Tahoe Area Plan talks focus on old K-2 school, development rights and more
Special to the Bonanza
About the plan
Once approved, the Tahoe Area Plan will accomplish, according to Washoe County, the following:
• Establish the long term vision and desired character of the Incline Village/Crystal Bay area.
• Lay out goals and policies to help achieve that vision.
• Update the Washoe County Development Code as it relates to the Tahoe Basin.
More online: Visit http://bit.ly/2eg1a8z to learn more about the plan. There, you can download all the maps, as well as the current 29-page draft plan.
INCLINE VILLAGE, Nev. — Following the community input received at a Sept. 28 workshop, the Washoe County Planning Department recently updated its draft of the Tahoe Area Plan and presented it at an Oct. 13 special meeting of the Incline Village-Crystal Bay Citizens Advisory Board.
Since the TRPA released its basin-wide Regional Plan Update in 2012, it has prompted jurisdictions around Lake Tahoe to update their own community plans.
Back in 2013, Washoe County staff Eric Young and Eva Krause began working on an updated draft of the Tahoe Area Plan covering Incline Village/Crystal Bay; after months of no momentum, the project started to gain ground this summer.
“What we have here is the very first draft of the Tahoe Area Master Plan, and it’s still under development because we haven’t heard enough from you yet,” said Young, addressing a room of about 20 people on Oct. 13. “We want to provide a contemporary plan that also provides conformance with the TRPA plan.”
Young said the Tahoe Area Plan aims to balance a residential community with needed tourism for the economy, while solidifying the link among the goals, policies and character of the region.
TRANSFERRING DEVELOPMENT RIGHTS
At the Oct. 13 meeting, Krause and Young addressed questions asked at the Sept. 28 meeting, one of the main being why there are so many different maps, goals and policies proposed.
“You can support bikes, trails and walkways, but you need the map to show where all of this is,” Young said. “There is a specific purpose between each map to really show what’s on the ground.”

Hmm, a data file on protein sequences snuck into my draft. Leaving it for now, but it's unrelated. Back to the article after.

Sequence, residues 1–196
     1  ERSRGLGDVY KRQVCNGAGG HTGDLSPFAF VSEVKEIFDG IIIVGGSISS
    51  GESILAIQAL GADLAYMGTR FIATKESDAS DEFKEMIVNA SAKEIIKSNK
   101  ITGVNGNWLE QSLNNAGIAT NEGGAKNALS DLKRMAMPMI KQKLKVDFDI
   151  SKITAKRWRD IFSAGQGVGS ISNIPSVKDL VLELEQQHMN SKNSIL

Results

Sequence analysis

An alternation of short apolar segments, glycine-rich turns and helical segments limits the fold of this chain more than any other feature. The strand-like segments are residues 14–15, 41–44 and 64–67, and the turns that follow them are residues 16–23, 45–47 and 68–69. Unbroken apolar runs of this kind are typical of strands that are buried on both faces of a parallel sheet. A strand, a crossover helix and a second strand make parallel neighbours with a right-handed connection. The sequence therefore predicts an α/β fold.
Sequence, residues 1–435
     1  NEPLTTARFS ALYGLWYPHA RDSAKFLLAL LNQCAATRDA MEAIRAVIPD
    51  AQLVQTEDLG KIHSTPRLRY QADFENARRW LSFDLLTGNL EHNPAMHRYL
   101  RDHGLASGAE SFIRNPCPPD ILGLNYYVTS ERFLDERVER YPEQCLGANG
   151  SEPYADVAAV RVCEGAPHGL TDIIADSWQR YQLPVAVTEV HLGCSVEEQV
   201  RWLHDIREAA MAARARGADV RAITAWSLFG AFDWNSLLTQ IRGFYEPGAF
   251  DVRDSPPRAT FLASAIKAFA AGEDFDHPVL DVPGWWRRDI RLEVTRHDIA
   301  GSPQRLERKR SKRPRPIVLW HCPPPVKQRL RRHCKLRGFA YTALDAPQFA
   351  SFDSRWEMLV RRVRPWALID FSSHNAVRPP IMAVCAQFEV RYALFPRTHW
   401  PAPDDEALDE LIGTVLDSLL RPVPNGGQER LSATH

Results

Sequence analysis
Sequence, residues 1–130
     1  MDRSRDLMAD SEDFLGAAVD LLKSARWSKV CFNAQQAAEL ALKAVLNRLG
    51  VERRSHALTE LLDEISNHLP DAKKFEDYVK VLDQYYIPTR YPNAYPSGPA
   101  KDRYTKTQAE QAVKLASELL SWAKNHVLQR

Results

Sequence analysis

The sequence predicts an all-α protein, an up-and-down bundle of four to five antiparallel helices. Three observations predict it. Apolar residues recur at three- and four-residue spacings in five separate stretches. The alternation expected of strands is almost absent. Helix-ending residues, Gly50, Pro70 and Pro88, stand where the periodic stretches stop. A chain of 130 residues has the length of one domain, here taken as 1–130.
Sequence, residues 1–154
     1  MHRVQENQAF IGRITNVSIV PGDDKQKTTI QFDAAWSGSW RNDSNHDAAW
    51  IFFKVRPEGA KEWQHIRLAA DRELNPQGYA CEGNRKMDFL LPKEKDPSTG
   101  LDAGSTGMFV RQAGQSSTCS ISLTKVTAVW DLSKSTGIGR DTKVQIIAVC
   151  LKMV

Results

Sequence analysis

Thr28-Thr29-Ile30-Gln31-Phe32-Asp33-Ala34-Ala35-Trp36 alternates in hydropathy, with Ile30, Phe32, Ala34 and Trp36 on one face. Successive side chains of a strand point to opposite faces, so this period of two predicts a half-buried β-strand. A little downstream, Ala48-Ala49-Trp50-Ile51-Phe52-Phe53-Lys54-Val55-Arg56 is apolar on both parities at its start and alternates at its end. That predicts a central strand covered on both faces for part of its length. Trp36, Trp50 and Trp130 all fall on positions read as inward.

“Right now, there are four community plans with 6-7 different areas within each plan,” Krause added. “It’s always been very confusing for what you can and can’t do … especially in commercial areas, there have been differences in what you can build or not.
“We’re not going to say, ‘you can have bike rentals at the Hyatt, but not at the Biltmore.”
Krause added that structures within commercial zones are all going to be subject to the same rules with the new plan.
Another big change with the Tahoe Area Plan is consideration of TRPA offering a transfer of development rights as incentive to builders who are willing to take development from a residential area and relocate their project into a town center.
“TRPA is trying to incentivize people to redistribute their development rights to eventually be able to get those structures out of the woods,” says Krause.
Transferring development rights into a town center will allow a builder to develop a structure of increased height and density, according to the county.
Local real estate broker Trevor Smith said the Tahoe Area Plan needs to be flexible, but it shouldn’t force developers to do something that doesn’t make sense for the community, especially with the community’s biggest limitation being coverage/space.
“There will never be enough parking in the town centers,” he said.
Washoe County Planning Department Director Bill Whitney responded by saying, “We won’t let the TRPA push us on things we don’t want.”
Smith added, “We need to come up with some creative solutions, otherwise we end up with a dated town.”
OTHER CONCERNS TO ADDRESS
Incline Village resident Steve Hanson said he is concerned about traffic on College Drive, considering it is used as a main thoroughfare from Highway 431 to bypass the roundabout at the Highway 28 intersection in order to get to town.
“Both sides of College have been labelled urban residential, but there are no crosswalks, multi-use pathways or shoulders,” he said.
Young said the planning department can identify some areas on the map with College Drive improvements, stressing again the importance of the maps needing to be in depth to ensure several community planning aspects are considered.
“When it’s on the map, it helps push it through,” he said. “But keep in mind that the money needed to build sidewalks, lights and multi-use pathways is only a fraction of the total cost to keep it maintained throughout the years.”
The community has also been interested in how the old Incline Elementary School on Southwood Avenue, near the Highway 28 intersection, is being zoned.
The building — which rests on a fault line and would cost millions of dollars to repair and maintain — and its surrounding property has lay mostly dormant since the school shuttered in 2009.
“The (Washoe County School District) has not decided what to do with it,” Young said last week. “We know the community is salivating over that site and we’re trying to get an answer from them before the final plan comes out.
“Zoning changes are a lot easier to make than Master Plan changes; we are talking to the school board commissioner about allowing semi-public use of that site,.”
The Tahoe Area Plan remains in draft status, and residents are encouraged to provide feedback to the county. As of now, a timeline for a final plan to be proposed and potentially adopted is not known.
Kayla Anderson is an Incline Village-based freelance writer with a background in marketing and journalism. Email her at firstname.lastname@example.org.